Purple pride on display

1/4/2013

Wildcats fall, but local faithful relish in team's accomplishments.

Wildcats fall, but local faithful relish in team's accomplishments.

BY BRETT MARSHALL

bmarshall@gctelegram.com

Travis Leonard, who farms near Sublette, is a 2003 Kansas State University graduate and will be getting married on March 9 to Michelle Kuhn of Satanta.

Justin Lupfer played high school football and won a state championship in 8-man football while at Hanston High School. He and Lonnie Perez of Kendall, are both 2011 KSU graduates and plan to be married in June.

Chris and Nikki Omesnki, both Wichita natives now residing in Garden City, have family roots in Purple Pride.

Frank Schmale is a 1982 graduate from K-State when the Wildcats were considered to be among the worst football teams in the college ranks. His wife, Cheryl, has become a dyed-in-the-wool fan of Bill Snyder's program.

The common denominator on Thursday night was that all of them were watching from various local restaurants the 2013 Fiesta Bowl in Glendale, Ariz., where the No. 5-ranked Wildcats were taking on the No. 4-ranked Oregon Ducks.

And even though the Wildcats eventually fell to the high-powered Ducks, 35-17, it didn't change the pride and admiration the local K-State faithful felt toward the team and what it had accomplished.

Fans watching at Jax Sports Grille and Samy's Spirits and Steakhouse had high hopes and were filled with optimism before the game's start at 7:30 p.m.

Those hopes took a hit early when the Ducks' De'Anthony Thomas took the opening kickoff 94 yards for a score just 12 seconds into what some consider K-State's biggest game in program history.

"It's awesome to see them in a game like this," Leonard said prior to the kickoff. "It's hard to know how they'll play after such a long layoff. But when you've got a coach like Snyder and a quarterback like (Collin) Klein and a linebacker like (Arthur) Brown, you know the team will have a chance."

Leonard said he is most proud of the K-State team for the way in which Snyder has operated the program through the years.

"He does it in the right way," Leonard said. "This has been a fun team to watch. You don't hear a lot of bad stuff coming out of the program."

His fiance, Michelle Kuhn, teaches and coaches at Satanta High School and is a Sterling College graduate. Her father, though, is a KSU graduate, so there are ties there, as well.

Lupfer and Perez both have degrees from K-State — Lupfer in animal science and Perez in life science. Their June wedding was the deterrent to attending the game in person.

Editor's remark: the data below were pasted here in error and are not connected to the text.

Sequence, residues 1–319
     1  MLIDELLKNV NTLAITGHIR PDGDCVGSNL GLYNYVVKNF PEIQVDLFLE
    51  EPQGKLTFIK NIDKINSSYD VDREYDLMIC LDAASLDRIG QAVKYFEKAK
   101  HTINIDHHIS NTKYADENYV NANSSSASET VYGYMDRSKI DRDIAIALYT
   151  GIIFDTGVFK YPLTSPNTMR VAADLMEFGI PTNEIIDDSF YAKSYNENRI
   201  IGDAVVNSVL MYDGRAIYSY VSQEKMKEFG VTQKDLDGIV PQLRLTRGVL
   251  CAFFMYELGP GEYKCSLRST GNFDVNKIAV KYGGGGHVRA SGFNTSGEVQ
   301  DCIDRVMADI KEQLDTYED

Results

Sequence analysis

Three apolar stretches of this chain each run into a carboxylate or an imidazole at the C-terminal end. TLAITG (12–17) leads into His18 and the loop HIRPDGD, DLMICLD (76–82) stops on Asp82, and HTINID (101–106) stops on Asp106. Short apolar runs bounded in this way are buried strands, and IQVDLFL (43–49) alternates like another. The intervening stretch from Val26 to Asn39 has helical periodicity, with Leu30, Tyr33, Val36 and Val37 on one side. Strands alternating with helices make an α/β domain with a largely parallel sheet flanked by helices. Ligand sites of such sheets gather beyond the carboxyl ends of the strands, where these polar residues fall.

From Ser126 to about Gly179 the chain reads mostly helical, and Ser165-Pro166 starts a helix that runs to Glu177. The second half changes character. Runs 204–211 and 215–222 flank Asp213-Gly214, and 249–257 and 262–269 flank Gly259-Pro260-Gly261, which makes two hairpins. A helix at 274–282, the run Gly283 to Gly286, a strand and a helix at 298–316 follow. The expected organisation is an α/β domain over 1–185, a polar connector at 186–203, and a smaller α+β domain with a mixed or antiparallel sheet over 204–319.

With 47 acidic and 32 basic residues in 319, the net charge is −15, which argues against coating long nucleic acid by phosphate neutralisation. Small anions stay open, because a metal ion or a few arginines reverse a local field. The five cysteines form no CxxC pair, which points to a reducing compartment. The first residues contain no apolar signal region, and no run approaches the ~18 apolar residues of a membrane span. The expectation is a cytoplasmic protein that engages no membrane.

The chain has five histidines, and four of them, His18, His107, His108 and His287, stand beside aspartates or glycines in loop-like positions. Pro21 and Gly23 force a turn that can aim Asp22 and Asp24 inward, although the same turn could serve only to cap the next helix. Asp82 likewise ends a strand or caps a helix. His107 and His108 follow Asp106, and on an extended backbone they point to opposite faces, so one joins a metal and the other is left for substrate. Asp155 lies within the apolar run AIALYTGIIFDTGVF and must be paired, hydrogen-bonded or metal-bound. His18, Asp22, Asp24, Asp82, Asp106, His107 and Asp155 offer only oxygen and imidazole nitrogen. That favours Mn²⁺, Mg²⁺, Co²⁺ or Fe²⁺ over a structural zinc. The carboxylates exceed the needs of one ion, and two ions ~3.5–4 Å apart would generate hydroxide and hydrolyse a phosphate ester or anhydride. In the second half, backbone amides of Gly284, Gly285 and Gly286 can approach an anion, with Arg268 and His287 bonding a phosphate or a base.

"Well, it was going to the game or having a honeymoon," Perez, who is in nursing school here, said with a smile. "We both love the Wildcats, but we also wanted a honeymoon this summer."

Lupfer said he wasn't surprised at how well the Wildcats had done this season.

"Coach Snyder has spent a lot of time building the program, and he's done it twice now," Lupfer said.

Perez concurred with her soon-to-be husband.

"He's brought the program back again, and he's just done amazing things," Perez said. "I really like Klein. He's just a quality person and has been a great leader."

The Omenskis just moved to Garden City in August, and Chris is a CRNA at St. Catherine Hospital while his wife, Nikki, is a stay-at-home mom of four children. The evening out was a welcome break for her.

"I'm not really a big football fan, but getting a night away from the kids, it's like a vacation," she said with a big smile.

For Chris, the Purple blood runs deep as both of his parents and a brother are K-State grads. He is a Newman University alumnus while Nikki graduated from Wichita State University.

"Oregon's tough, and they're a high-scoring team," Chris Omenski said. "K-State's defense will have to show up, and if they can capitalize on turnovers, that's what they have to do be able to win."

Oregon dominated the first half early, taking a 15-0 lead before K-State trimmed the lead to 15-10 before a late quick-strike drive by the Ducks provided them a 22-10 halftime bulge.

Frank Schmale was cautiously hopeful at halftime despite trailing by the 12-point margin.

"Our only hope is to find a way to get over their speed," Schmale said of Oregon's offensive attack. "To be this highly rated, it's a big moment for the program. When I was in school, K-State was terrible. But Snyder has been as good a coach in college football history as anybody. What he's done, now twice, is remarkable. It's an exciting time at K-State to see what they're doing, being able to attract top recruits to play there."

But all the hopes for the Wildcat faithful could not be realized as Oregon dominated most of the second half, building a 32-10 lead before finishing with a 35-17 victory.

Still, the 11-2 season mark by the Wildcats equaled the most wins in school history, and their Big 12 Conference championship came in a season when they were picked to finish sixth in the league.

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